The problem, as Princeton and Nobel Prize-winning economist and Japan specialist, Paul Krugman, points out is the deflationary pressure and low growth that the Japanese economy has endured for decades. Periods of severe deflation, an extremely concerning and eschewed macroeconomic reality, have gripped the Japanese political economy sporadically throughout the period. The solution that Krugman points to is an increase in the money supply and general stimulus; big time.


The Bank of Japan has this capacity. Either through the rapid acquisition of vast amounts of governmental or private debt, the Bank can increase the money supply, thereby increasing the lending facility of private banks, financing government expenditure, and generally increasing the availability of credit and the circulation of money.


This brand of macroeconomic and political guidance is exactly that endorsed by the successful candidate, Shinzo Abe and the Liberal Democratic Party. Whilst this may ultimately be what Japan needs in the long-run to finally escape its deflationary and recessionary pendulum, it is nevertheless damaging to foreign exchange markets.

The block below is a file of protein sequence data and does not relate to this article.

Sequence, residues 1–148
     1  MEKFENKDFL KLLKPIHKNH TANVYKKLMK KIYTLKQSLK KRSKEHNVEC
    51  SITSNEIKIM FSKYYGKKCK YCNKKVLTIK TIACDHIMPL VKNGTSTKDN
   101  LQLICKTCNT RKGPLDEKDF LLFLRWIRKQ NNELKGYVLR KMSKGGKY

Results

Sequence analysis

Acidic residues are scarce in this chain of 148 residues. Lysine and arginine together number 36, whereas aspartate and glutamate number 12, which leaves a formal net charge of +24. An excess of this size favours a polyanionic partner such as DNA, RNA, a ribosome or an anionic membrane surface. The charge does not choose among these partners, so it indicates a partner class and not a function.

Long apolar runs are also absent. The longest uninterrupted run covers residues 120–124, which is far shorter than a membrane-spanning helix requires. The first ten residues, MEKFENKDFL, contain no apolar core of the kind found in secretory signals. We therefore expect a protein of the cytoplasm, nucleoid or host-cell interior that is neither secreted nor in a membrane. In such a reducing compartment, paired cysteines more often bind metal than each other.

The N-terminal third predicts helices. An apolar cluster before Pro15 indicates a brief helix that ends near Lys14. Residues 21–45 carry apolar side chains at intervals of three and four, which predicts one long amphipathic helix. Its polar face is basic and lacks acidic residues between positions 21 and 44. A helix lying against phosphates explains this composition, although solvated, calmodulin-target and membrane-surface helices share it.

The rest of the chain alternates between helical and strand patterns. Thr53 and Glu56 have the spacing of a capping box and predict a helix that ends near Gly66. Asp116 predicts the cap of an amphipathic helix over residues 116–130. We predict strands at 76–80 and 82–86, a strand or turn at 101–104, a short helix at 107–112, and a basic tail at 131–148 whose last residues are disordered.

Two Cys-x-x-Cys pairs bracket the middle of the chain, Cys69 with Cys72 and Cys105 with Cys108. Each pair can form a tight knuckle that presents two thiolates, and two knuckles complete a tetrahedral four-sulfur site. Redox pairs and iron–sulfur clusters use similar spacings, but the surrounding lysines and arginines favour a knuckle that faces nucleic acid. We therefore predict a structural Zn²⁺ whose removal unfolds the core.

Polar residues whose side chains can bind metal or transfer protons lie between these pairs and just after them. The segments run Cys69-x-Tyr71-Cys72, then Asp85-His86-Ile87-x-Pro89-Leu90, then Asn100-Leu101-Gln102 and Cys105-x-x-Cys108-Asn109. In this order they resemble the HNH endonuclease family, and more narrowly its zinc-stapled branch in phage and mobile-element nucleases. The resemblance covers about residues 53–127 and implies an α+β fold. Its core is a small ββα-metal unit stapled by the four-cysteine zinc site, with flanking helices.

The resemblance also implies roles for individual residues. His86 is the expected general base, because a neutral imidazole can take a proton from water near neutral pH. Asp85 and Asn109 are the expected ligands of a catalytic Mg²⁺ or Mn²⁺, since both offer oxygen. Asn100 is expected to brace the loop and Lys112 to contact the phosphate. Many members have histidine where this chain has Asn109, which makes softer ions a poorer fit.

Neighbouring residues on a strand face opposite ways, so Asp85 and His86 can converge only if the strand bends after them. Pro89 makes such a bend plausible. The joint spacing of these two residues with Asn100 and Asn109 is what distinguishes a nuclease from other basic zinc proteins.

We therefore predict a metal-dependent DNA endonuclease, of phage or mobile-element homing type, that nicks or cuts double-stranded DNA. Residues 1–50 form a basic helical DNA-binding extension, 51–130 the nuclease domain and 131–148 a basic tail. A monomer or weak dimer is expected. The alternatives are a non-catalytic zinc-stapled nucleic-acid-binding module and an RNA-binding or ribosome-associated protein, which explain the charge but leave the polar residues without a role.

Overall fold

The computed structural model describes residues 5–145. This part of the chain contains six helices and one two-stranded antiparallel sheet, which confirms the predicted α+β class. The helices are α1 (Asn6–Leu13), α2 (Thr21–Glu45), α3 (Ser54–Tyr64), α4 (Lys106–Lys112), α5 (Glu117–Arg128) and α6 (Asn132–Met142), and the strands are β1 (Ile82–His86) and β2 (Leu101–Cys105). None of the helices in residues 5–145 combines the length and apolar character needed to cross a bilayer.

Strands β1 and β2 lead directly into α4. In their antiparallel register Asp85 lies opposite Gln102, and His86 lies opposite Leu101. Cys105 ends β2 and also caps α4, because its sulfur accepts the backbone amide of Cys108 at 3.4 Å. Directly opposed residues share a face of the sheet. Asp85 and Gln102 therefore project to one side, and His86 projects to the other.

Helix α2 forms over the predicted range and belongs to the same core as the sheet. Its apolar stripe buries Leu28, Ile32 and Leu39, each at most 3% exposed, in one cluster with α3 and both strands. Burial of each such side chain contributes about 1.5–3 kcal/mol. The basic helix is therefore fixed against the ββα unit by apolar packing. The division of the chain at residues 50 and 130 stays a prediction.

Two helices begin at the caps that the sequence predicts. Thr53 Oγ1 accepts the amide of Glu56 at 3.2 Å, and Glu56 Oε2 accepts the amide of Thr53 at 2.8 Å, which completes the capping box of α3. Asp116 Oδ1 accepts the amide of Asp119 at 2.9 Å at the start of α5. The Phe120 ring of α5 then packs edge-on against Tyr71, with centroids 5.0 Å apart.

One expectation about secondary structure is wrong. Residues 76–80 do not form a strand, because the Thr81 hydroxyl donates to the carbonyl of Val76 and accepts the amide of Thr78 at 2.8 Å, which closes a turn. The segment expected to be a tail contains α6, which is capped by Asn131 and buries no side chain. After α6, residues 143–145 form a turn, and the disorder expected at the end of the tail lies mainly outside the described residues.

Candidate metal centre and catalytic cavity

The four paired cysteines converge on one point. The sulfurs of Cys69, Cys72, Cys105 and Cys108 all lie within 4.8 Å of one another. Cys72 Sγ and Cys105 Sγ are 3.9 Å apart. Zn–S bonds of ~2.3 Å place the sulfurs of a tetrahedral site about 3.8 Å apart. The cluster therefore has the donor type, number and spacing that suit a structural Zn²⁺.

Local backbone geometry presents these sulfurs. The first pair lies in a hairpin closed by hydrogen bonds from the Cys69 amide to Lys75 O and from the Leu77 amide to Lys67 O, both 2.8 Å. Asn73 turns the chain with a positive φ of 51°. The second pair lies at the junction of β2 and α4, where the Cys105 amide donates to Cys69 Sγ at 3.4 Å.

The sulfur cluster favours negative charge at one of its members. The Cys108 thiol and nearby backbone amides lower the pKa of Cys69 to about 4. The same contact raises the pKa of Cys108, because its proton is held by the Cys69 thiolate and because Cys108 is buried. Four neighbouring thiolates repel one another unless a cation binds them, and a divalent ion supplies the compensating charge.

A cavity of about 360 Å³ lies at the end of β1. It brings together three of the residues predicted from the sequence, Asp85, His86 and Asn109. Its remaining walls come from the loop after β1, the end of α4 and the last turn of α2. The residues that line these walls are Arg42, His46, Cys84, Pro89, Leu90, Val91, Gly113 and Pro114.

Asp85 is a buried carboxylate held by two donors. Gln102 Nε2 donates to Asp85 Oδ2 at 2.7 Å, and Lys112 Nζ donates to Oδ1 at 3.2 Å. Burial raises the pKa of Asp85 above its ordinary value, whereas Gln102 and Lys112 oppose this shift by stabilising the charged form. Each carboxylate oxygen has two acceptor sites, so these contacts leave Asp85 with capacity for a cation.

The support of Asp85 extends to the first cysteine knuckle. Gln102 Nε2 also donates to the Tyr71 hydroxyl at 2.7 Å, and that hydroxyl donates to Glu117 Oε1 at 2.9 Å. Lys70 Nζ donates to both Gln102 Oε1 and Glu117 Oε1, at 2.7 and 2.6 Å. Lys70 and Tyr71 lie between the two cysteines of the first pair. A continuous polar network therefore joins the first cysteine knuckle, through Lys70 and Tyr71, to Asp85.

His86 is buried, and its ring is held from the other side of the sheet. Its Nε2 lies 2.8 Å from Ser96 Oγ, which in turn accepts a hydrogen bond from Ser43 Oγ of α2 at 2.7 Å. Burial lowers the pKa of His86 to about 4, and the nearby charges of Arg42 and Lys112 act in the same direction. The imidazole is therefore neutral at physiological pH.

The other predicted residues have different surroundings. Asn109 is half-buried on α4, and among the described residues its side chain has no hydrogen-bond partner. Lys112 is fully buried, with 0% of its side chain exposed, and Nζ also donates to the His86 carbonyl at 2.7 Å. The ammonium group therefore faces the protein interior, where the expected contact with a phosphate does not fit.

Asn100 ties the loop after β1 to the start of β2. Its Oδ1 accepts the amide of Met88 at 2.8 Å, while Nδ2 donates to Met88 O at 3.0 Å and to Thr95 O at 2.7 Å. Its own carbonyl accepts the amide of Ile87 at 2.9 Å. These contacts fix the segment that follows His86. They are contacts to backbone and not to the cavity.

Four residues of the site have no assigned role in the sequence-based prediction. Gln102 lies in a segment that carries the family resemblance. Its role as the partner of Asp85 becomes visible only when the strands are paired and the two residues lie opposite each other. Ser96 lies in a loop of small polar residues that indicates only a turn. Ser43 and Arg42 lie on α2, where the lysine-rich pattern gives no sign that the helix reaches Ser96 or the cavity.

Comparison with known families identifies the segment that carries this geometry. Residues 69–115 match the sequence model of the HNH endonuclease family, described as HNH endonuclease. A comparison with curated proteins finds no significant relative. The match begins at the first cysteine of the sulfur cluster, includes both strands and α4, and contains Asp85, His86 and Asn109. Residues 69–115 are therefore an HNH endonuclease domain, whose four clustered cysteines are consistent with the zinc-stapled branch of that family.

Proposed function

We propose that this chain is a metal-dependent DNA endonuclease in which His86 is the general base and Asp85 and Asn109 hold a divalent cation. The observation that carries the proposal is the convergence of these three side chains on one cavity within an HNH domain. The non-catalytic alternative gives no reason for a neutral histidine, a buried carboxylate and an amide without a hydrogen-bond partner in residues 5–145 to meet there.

Ultimately, the self-branded policy set, “Abenomics” that Mr Abe has begun throughout his previous term amounts to ultra-accommodative monetary policy and fiscal stimulus. Whilst seeking popularity with a trifecta including structural reform and wage growth, the heart of Abenomics is bipartite and consists of monetary easing and government spending.


As many of my articles have explained, loose monetary policy leads to a depreciation of the exchange rate by increasing the supply of money and decreasing the reward for investment. The former lowers the effective price of the domestic currency whilst the latter decreases its attractiveness from outside and within; thereby leading investors and savers to look elsewhere for their currency exposure. Therefore, it is ultimately unsurprising that the confirmation of and lead up to Abe’s success was characterised by consistent gains on the Nikkei, the Japanese stock market, and consistent losses for the Yen.